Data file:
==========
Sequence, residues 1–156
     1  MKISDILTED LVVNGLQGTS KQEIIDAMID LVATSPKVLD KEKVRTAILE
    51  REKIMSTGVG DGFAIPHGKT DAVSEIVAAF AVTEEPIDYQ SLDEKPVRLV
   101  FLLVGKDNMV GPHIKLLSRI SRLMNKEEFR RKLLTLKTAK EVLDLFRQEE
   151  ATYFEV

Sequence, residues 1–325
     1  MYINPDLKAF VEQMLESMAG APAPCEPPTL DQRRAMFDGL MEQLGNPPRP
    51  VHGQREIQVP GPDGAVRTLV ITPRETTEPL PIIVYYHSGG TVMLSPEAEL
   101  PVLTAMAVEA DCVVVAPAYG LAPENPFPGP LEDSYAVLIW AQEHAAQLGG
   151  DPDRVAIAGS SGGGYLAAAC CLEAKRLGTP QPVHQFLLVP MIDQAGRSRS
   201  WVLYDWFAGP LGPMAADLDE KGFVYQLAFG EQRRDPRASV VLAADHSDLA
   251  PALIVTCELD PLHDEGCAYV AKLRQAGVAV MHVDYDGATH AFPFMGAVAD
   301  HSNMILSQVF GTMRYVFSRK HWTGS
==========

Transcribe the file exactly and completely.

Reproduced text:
Sequence, residues 1–156
     1  MKISDILTED LVVNGLQGTS KQEIIDAMID LVATSPKVLD KEKVRTAILE
    51  REKIMSTGVG DGFAIPHGKT DAVSEIVAAF AVTEEPIDYQ SLDEKPVRLV
   101  FLLVGKDNMV GPHIKLLSRI SRLMNKEEFR RKLLTLKTAK EVLDLFRQEE
   151  ATYFEV

Sequence, residues 1–325
     1  MYINPDLKAF VEQMLESMAG APAPCEPPTL DQRRAMFDGL MEQLGNPPRP
    51  VHGQREIQVP GPDGAVRTLV ITPRETTEPL PIIVYYHSGG TVMLSPEAEL
   101  PVLTAMAVEA DCVVVAPAYG LAPENPFPGP LEDSYAVLIW AQEHAAQLGG
   151  DPDRVAIAGS SGGGYLAAAC CLEAKRLGTP QPVHQFLLVP MIDQAGRSRS
   201  WVLYDWFAGP LGPMAADLDE KGFVYQLAFG EQRRDPRASV VLAADHSDLA
   251  PALIVTCELD PLHDEGCAYV AKLRQAGVAV MHVDYDGATH AFPFMGAVAD
   301  HSNMILSQVF GTMRYVFSRK HWTGS